In the field of road transport, a turnaround is a type of junction that allows traffic traveling in one direction on a road to efficiently make a U-turn (to reverse course and travel the opposite direction) typically without backing up or making dangerous maneuvers in the middle of the traffic stream. While many junction types permit U-turns, the term turnaround often applies to road junctions built specifically for this purpose.
Junction types designed specifically for U-turns
The following road junction types are designed specifically to allow U-turns.
- The Texas U-turn allows traffic traveling on one direction of a one-way frontage road, running parallel to a highway, to cross the highway (via a grade separation) and turn onto the other frontage road, traveling in the opposite direction. The term refers to roadworks which are specially built for this purpose; it does not refer to use of an intersecting roadway to navigate between frontage roads.
- The median U-turn crossover (often called a "Michigan left" in the United States) allows traffic traveling in one direction on a divided highway (typically one with traffic lights and at-grade intersections) to perform a U-turn through the median.
- A junction resembling a "backward jughandle" is sometimes found, allowing U-turns. According to the U.S. Federal Highway Administration, this is actually just a variant of a standard median U-turn crossover, built to accommodate roads with medians too narrow to otherwise permit a U-turn to be made safely. Traffic wishing to turn around executes a turn across oncoming traffic (left in countries where traffic drives on the right; right in countries where traffic drives on the left) onto the at-grade ramp (sometimes called a "bulb out" or a "loon"), but rather than merging onto a crossing road, the "bulb out" turns back and merges onto the road the traffic just left, in the opposite direction.
- A grade-separated ramp can be used to allow traffic to turn around.
- An example on a controlled-access highway is the Sabine River Turnaround, exit 1 on westbound Interstate 10 in Calcasieu Parish, Louisiana, United States, just before the Sabine River and the Texas border. U-turn traffic exits normally onto the U-turn ramp, which forms an underpass below the highway; traffic then rejoins the highway at an eastbound entrance ramp.
- Examples on a controlled-access highway with frontage roads are on the Manuel Gómez Morín Beltway, just north and south of Mariano Otero Avenue in Zapopan, Mexico, just outside Guadalajara. Here, traffic travels to a frontage road, whose inner (left) lane leads to a U-turn ramp which descends and forms an underpass below the beltway; traffic then ascends and joins the inner (left) lane of the opposing frontage road.
- Other examples on a controlled-access highway are on the Damansara–Puchong (E11) Expressway (also known by its Malaysian acronym, LDP), between exit 1114 (the Puchong Jaya Interchange) and exit 1118 (the Puchong Intan Interchange), in Puchong, Malaysia, near Kuala Lumpur. Traffic drives on the left, and the outer (left) lanes serve as hybrid entrance or exit lanes and frontage roads. In each direction, outer-lane traffic can travel to a U-turn ramp which forms an overpass above the LDP. The U-turn ramps come close to each other, but remain separate; no roadway surface is shared by opposing traffic.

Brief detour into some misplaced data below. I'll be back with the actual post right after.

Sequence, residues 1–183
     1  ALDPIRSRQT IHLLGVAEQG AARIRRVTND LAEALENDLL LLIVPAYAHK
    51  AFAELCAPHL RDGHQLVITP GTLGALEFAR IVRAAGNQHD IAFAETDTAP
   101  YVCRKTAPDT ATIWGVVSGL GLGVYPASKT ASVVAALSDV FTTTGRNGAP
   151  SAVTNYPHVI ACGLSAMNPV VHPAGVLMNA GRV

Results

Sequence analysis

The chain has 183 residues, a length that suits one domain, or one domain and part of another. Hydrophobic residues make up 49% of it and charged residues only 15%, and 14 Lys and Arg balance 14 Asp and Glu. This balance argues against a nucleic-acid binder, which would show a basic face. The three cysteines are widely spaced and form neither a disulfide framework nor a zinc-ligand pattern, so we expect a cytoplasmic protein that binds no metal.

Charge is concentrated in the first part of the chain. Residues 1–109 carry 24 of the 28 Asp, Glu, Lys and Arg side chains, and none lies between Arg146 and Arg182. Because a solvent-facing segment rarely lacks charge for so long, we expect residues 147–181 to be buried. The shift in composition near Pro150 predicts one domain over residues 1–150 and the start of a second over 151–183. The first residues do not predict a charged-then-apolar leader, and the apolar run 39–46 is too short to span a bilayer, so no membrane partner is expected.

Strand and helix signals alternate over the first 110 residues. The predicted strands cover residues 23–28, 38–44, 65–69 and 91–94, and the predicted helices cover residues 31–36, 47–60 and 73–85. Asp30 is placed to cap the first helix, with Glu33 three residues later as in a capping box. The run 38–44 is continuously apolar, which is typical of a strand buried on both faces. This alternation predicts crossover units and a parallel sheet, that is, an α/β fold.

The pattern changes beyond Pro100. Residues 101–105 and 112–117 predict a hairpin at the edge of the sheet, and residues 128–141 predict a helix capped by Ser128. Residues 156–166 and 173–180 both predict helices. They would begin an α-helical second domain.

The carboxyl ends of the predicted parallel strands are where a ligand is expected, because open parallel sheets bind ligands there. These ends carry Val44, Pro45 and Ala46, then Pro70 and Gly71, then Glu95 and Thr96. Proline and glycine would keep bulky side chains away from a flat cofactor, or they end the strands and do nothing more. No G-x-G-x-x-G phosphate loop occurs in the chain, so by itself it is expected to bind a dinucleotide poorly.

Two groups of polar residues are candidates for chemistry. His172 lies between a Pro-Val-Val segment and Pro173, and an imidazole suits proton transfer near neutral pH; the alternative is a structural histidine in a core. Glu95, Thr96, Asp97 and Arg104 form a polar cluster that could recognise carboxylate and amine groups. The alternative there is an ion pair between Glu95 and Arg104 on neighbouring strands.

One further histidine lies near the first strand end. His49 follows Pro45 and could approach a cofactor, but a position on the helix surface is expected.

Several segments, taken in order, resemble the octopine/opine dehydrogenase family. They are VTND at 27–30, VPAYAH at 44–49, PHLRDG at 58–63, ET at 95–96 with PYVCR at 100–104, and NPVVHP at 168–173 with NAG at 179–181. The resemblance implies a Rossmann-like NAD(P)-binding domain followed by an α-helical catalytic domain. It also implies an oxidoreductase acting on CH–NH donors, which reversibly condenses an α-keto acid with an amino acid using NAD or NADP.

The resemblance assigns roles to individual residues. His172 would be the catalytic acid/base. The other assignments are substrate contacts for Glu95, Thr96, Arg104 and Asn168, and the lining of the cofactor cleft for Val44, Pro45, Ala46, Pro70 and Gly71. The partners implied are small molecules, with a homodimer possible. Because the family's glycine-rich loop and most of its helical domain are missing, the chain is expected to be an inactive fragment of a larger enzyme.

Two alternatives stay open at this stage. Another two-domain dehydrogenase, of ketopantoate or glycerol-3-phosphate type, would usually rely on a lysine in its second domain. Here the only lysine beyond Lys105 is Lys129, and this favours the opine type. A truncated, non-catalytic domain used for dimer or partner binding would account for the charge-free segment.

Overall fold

- An example on an undivided highway is on the Sanibel Causeway, connecting Sanibel Island with the mainland in South Fort Myers, Florida, United States. Traffic traveling toward the mainland can exit onto a U-turn underpass, then return on the causeway to Sanibel Island.
- In some countries, a cul-de-sac allows a smooth turnaround at the end of a dead end street.
Junction types which permit U-turns
The following junction types typically permit U-turns but are not designed specifically for that purpose.
- Normal at-grade intersections on divided highways often allow traffic traveling on the divided highway to perform a U-turn, often when there is a green light for traffic turning onto the side road, crossing the opposing lanes (left turns in countries where traffic drives on the right; right turns in countries where traffic drives on the left).
- Traffic at at-grade intersections with jughandles can usually use the jughandle ramps and side roads to turn back onto the original road in the opposite direction.
- Traffic circles and roundabouts make turning around rather easy, and usually, with the right of way.
- Many freeway interchanges with surface streets are configured so that traffic on the freeway can exit onto the surface street, and re-enter the freeway in the opposite direction.
- The cloverleaf interchange permits turning around by navigating two consecutive "leaves" of the clover pattern.